Here is a powerful prayer on prayer, from the book Prone to Wander, which is a collection of prayers inspired by the classic prayer book The Valley of Vision

Glory Reorientation

This post continues a series by Paul Tripp in which he examines Revelation 19:6-8 and what he calls the “best worship service ever.”

John Piper addresses the terminally ill woman who plans to take her own life here in Oregon. 

Today being October 31st, here are three posts that give helpful perspective on Halloween and Reformation Day.

What is Reformation Day All about?

Luther’s Ninety-Five Theses: What You May Not Know and Why They Matter Today

The Connection between Halloween and Reformation Day

29 Oct

GBC Core Values: Part One


Written by: Josh Mathews

The five Core Values of Gresham Bible Church are:
Knowing God deeply in his word

Praying fervently for God’s purposes in the world

Making God known by spreading the gospel locally and globally

Fostering unity and building up the body through genuine community

Expressing a growing love for Jesus in a life of worship

This blog post is the first in a series of posts outlining these values.

 There are distinctive traits that characterize our church more specifically—things like simplicity (mere church, not a lot of programs or large financial commitments) and a heart for justice (diversity, care for the unborn, adoption and foster care). You can take a look at more of these distinctive marks HERE

And you’ve probably also heard us talk about Growing, Giving, and Going, which are the three expectations in which all members of GBC agree to participate.

Those distinctives and membership expectations matter, but the Core Values are more fundamental. They identify the principles we consider to be most important in the life of our church. What we do flows from what we value most highly. That’s what these Core Values are. These are the five things we believe are essential to what God calls us to do and to be as his church.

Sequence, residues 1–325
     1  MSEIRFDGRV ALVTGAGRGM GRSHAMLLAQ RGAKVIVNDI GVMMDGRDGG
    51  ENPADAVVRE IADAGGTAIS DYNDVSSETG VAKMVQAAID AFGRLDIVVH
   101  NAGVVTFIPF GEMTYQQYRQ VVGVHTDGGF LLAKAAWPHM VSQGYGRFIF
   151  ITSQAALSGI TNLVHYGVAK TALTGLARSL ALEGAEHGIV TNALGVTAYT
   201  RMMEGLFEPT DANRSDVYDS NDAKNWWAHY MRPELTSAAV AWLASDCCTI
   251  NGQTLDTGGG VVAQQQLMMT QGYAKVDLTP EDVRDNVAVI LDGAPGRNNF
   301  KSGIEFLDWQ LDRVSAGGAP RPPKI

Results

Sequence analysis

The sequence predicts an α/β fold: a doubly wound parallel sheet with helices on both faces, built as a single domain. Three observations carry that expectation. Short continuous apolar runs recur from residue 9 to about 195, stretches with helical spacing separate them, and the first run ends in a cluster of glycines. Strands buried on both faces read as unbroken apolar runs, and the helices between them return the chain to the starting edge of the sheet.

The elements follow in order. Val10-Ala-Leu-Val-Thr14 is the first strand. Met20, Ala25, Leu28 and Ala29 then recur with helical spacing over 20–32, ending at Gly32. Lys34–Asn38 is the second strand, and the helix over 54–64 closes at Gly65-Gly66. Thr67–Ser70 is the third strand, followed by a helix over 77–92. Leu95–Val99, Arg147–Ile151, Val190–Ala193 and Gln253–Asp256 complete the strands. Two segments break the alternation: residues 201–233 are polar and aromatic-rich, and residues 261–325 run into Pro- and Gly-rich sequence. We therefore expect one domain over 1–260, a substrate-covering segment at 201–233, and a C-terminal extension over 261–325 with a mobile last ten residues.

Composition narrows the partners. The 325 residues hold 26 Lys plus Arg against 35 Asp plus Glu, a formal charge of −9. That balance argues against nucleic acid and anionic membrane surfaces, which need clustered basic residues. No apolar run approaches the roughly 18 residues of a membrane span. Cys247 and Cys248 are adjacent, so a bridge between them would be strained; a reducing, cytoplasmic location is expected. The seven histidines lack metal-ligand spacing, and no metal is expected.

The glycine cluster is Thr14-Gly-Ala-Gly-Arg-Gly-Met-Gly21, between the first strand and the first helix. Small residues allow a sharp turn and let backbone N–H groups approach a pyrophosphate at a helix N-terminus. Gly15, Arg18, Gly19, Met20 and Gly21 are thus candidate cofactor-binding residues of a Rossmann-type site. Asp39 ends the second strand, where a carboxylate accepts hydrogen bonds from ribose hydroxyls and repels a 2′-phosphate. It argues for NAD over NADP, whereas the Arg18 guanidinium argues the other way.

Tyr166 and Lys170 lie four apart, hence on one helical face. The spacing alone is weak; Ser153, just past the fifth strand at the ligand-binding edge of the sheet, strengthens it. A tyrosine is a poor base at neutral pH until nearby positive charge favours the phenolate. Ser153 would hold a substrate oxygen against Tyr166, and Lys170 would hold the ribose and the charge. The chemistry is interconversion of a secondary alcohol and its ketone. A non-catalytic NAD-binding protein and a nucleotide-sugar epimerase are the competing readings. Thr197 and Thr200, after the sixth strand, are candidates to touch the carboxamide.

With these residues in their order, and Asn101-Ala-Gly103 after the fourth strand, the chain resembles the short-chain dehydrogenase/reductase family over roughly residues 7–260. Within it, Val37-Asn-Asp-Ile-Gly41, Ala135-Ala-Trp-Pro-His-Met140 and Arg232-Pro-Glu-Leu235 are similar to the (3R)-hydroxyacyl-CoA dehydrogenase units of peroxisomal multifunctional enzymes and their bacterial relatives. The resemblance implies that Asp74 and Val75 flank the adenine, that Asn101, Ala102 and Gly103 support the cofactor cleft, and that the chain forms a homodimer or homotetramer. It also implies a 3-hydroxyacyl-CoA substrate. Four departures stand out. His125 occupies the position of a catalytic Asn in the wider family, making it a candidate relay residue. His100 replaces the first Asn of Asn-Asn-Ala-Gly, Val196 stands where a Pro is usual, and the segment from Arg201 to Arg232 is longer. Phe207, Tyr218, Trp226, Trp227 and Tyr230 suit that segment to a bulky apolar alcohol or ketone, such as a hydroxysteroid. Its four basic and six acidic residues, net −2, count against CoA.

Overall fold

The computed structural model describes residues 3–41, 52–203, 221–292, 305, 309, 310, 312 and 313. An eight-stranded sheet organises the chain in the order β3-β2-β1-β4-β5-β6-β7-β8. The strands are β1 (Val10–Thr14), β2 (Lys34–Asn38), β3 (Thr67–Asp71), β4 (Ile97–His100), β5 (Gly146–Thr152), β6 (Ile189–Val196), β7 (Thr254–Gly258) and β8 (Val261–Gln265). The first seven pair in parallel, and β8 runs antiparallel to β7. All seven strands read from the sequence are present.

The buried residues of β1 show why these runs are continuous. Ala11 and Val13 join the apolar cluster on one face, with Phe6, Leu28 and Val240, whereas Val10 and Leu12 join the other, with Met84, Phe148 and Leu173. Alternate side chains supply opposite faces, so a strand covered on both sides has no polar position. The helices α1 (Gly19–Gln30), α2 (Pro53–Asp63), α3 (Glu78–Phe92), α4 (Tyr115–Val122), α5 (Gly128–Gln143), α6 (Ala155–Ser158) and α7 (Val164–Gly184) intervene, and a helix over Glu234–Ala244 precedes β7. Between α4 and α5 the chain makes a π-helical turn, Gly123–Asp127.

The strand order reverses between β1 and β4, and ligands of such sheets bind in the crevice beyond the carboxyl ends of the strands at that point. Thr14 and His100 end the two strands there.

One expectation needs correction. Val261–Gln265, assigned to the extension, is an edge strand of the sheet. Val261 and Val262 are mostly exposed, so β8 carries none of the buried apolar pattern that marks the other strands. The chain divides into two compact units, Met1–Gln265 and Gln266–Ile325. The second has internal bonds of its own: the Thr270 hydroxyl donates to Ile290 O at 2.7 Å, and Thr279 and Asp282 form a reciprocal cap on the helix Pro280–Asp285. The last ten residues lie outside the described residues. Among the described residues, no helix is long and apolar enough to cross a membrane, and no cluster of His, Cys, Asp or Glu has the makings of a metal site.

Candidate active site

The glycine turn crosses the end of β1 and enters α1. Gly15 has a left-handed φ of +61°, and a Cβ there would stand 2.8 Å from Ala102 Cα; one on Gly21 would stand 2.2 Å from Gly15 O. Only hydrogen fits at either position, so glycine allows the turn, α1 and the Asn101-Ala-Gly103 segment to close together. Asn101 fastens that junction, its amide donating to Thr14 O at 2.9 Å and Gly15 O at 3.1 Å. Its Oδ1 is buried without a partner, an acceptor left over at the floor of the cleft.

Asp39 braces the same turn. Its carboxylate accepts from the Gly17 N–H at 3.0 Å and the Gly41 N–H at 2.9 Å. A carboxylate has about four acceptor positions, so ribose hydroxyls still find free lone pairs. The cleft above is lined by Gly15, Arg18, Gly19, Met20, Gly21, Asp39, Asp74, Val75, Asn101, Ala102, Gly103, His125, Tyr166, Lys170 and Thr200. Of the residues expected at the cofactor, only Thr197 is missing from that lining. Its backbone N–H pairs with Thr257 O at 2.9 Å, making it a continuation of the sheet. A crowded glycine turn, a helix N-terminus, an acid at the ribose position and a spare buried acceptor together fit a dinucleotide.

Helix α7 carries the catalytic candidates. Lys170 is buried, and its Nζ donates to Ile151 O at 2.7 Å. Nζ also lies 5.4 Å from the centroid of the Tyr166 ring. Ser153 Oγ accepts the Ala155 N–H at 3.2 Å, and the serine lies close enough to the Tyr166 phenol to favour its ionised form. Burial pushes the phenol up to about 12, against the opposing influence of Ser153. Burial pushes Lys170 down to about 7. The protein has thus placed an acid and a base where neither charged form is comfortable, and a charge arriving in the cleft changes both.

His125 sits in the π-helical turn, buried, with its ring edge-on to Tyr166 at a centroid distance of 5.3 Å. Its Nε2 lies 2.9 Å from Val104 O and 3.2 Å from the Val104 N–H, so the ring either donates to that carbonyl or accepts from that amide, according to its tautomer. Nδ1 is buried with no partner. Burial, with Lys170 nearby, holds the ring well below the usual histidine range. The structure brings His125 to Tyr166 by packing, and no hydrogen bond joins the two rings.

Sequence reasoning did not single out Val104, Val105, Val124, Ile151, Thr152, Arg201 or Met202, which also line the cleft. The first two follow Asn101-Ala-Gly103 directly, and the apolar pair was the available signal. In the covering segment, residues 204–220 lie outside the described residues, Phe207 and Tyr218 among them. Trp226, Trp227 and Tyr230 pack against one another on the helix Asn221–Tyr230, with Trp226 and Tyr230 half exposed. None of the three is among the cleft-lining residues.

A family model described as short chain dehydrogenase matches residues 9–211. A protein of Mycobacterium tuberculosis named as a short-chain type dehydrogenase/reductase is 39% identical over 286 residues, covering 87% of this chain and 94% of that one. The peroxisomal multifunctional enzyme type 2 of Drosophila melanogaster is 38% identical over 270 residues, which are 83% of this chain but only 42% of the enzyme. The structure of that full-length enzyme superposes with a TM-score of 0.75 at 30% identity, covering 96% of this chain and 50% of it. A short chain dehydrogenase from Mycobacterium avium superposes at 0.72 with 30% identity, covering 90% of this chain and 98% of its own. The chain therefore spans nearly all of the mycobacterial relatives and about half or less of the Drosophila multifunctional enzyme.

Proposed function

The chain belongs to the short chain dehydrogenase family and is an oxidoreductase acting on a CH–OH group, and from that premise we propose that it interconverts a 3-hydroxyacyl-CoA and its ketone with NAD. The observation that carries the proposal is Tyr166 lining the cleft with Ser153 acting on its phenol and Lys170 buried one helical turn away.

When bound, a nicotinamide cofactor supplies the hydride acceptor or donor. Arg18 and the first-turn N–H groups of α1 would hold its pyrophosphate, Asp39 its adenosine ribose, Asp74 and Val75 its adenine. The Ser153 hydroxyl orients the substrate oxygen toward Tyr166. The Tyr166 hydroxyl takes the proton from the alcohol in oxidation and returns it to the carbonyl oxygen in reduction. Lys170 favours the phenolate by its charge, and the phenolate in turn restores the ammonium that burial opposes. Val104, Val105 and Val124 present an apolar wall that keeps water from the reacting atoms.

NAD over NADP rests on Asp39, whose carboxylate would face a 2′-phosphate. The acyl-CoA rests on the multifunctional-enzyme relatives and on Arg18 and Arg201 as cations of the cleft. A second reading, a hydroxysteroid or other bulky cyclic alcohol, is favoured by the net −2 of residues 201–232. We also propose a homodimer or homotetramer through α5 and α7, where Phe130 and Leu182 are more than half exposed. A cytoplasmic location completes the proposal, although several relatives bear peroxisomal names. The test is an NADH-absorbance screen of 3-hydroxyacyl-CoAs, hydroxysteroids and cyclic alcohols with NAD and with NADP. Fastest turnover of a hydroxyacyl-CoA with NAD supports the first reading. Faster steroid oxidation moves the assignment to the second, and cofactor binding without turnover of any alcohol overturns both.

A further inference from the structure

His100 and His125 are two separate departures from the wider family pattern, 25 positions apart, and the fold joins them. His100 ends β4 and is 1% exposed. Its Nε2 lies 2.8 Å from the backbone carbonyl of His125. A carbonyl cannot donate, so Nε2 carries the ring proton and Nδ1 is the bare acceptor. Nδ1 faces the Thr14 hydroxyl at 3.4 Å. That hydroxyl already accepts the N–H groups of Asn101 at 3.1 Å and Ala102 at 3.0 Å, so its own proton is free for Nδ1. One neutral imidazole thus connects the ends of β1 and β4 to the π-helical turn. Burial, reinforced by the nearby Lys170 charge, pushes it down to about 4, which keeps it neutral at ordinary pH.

And we want to think about these and be reminded of them often. That’s why they are on the church website, on the front of the bulletin, and up on the screen on Sunday mornings. That’s why they;ll be addressed in upcoming sermons, and why we’re dedicating a series of blog posts to talking about them.

As we go over them one by one, we’re going to think a little more about what they mean for us as a church. The hope is that this will help us think more also about how we can apply them—how we can work at valuing these things more highly, in our homes, in our communities, and in our church.

Core Value #1: Knowing God deeply in his word 

While all five values are at the core of our church, this one is first for a reason. Generally speaking, our deepest desire is that all we do would flow from who God is. We believe strongly that, in order to know how we ought to conduct ourselves as God’s people, we must grow in our knowledge of who God is. This is a value we work hard to uphold, and we do so in several ways. Here are a few of them:
Our preaching is expository: We strive to have the main point of our sermons, preached on Sunday mornings, derive from the main point of the biblical passage.

We encourage involvement in regular Bible reading: This happens through the GBC Bible read through and other avenues.

We make every effort to allow Scripture to guide our decisions: Though the Bible doesn’t speak to every issue specifically, we seek the Lord’s revelation of himself and his wisdom as it relates to finances, staff, leadership, and all aspects of ministry.

Our Children’s Ministry curriculum has a strong biblical emphasis: We want our kids, and our youth once we begin a Student Ministry, to develop biblical literacy, and to learn the importance of knowing God through his word from a young age. 

We are called “Gresham BIBLE Church” for a reason. We believe that in Jesus we have the ultimate revelation of who God is. He is the incarnate Living Word of God. And we believe the Scriptures, the Old and New Testament, are the primary means by which we know Jesus. The Bible is the written word of God, graciously given for our benefit.

There is much more we could say about Core Value number one, but I’ll just add one point of clarification.